Physiological and Genetic Responses to Environmental Stress
This chapter presents an overview of the relationship between sea turtles and some of the more important stressful aspects of their environment. Because stress is such a broad topic, many aspects of stress have been treated in previous chapters and elsewhere in this volume (see Lutcavage et al., 1997; George, 1997; Epperly, Chapter 13; and Herbst and Jacobson, Chapter 15, this volume). This chapter reviews a few environmental stressors of particular significance to sea turtles: temperature, chemical pollutants (organic and inorganic) and habitat degradation, and the sea turtle’s physiological and potential genetic responses are discussed. Distinct environmental stressors affect the terrestrial nest and hatchlings, and are discussed separately from the other (oceanic) life stages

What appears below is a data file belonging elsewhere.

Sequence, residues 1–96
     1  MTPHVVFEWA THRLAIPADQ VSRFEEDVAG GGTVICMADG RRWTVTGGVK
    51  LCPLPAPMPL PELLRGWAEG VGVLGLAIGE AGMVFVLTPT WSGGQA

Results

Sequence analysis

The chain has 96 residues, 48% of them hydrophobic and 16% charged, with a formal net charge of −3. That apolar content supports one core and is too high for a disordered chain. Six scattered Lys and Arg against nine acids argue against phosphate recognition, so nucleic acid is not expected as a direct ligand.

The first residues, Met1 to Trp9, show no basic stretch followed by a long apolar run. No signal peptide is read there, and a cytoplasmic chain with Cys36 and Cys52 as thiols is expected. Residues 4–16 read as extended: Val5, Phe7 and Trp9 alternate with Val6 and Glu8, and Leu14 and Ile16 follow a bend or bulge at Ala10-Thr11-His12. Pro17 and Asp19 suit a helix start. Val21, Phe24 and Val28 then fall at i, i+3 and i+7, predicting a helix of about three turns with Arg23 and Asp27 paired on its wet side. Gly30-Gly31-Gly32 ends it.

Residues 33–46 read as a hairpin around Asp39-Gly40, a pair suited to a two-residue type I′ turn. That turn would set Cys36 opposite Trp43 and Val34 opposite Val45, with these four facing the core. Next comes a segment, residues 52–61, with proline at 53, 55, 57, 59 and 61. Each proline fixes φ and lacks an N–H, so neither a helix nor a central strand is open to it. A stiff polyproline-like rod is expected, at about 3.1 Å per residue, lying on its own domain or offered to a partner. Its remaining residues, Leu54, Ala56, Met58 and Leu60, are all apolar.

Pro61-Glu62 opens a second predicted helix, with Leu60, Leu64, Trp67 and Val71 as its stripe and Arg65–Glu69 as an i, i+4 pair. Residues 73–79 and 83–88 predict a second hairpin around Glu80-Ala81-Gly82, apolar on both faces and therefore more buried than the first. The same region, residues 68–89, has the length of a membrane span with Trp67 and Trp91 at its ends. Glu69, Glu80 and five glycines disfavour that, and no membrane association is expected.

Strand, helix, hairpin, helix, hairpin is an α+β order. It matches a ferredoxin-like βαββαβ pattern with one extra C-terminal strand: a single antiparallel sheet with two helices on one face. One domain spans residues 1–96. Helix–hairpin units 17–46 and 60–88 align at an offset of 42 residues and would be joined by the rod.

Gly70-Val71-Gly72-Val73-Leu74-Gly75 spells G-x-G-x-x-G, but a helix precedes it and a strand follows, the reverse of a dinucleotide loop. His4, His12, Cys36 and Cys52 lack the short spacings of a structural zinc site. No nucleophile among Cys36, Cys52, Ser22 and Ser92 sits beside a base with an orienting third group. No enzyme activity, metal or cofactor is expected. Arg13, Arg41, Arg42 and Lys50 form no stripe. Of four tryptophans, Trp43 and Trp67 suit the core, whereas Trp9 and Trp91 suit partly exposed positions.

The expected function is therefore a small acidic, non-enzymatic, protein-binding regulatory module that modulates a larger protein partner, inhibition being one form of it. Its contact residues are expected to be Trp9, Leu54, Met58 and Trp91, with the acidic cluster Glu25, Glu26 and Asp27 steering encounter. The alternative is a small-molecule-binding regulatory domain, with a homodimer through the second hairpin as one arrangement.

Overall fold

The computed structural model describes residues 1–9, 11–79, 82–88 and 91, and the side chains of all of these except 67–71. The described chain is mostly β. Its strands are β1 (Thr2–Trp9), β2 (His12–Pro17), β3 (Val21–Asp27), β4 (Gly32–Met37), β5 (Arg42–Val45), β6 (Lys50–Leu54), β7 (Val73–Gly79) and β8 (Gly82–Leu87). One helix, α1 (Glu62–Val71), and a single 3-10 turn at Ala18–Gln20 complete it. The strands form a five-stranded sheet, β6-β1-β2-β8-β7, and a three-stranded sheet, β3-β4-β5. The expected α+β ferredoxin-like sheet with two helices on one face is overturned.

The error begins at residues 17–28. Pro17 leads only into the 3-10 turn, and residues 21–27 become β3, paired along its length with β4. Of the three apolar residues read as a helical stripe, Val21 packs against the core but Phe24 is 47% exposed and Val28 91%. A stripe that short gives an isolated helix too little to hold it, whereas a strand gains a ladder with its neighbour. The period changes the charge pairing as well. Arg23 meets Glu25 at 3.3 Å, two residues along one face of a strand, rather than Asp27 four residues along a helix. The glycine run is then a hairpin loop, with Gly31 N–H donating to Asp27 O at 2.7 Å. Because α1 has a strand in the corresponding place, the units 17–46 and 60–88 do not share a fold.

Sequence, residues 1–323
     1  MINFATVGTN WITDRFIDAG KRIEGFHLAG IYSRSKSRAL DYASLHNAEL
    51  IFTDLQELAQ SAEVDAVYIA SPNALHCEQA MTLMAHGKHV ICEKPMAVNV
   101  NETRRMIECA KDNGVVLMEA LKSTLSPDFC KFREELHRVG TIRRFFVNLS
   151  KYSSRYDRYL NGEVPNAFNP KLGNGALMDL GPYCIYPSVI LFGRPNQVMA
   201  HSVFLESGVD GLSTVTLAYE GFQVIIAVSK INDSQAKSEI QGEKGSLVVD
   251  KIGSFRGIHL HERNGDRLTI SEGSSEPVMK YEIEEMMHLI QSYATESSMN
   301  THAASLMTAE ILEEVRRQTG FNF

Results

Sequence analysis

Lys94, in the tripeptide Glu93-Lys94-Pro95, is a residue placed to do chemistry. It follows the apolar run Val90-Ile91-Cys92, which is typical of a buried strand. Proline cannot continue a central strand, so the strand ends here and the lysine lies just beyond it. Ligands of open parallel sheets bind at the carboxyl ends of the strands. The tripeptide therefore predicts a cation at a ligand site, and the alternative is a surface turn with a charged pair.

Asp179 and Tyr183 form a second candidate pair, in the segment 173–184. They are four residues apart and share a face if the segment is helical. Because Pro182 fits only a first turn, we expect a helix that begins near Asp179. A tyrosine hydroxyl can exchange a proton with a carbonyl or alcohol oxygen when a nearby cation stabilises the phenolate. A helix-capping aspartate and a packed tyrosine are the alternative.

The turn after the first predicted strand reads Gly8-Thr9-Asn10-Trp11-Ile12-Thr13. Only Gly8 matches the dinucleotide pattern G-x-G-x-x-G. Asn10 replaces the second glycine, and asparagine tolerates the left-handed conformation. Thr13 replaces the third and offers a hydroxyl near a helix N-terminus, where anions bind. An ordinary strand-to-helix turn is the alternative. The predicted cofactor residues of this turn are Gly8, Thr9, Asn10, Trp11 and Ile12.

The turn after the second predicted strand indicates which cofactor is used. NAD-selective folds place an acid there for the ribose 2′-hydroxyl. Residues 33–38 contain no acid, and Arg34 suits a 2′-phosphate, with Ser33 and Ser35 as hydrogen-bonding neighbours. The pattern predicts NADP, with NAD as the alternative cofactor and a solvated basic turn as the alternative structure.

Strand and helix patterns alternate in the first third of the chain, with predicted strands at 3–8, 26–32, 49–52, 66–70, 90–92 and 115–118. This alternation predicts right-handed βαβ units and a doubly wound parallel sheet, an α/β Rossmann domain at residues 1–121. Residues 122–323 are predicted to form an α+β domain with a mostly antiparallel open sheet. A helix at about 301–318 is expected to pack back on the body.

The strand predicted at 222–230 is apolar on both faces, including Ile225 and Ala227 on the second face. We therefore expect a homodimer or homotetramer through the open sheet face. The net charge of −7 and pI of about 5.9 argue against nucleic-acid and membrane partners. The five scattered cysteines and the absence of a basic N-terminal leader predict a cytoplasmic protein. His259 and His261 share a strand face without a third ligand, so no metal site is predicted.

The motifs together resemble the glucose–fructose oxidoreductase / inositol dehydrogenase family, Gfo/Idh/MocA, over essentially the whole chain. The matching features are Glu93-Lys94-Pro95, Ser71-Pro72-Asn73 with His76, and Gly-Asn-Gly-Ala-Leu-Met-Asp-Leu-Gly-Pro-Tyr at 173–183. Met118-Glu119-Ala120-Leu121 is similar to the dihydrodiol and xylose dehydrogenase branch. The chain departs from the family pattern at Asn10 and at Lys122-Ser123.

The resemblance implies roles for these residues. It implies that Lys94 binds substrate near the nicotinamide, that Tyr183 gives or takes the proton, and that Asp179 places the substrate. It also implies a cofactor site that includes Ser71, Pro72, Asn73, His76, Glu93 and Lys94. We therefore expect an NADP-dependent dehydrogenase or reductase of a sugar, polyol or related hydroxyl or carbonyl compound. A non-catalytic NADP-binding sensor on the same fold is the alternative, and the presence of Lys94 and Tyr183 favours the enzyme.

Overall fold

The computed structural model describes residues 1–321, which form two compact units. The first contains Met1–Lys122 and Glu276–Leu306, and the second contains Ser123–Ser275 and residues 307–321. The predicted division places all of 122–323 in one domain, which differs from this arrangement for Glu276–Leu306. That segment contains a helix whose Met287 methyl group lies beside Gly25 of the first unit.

Sea turtles naturally encounter a wide variety of stressors, both natural and anthropogenic, including environmental factors (salinity, pollution, temperature), physiological factors (hypoxia, acid-base imbalance, nutritional status), physical factors (trauma), and biological factors (toxic blooms, parasite burden, disease). Although they are physically robust and able to accommodate severe physical damage, sea turtles appear to be surprisingly susceptible to biological and chemical insults (Lutcavage and Lutz, 1997). For example, in the green sea turtle even a short exposure to crude oil shuts down the salt gland, produces dysplasia of the epidermal epithelium, and destroys the cellular organization of the skin layers, thus opening routes for infection (Lutcavage et al., 1995). The effects of many stressors, however, are likely to be less obvious, as in the (unknown) long-term effects of toxin exposure and bioaccumulation.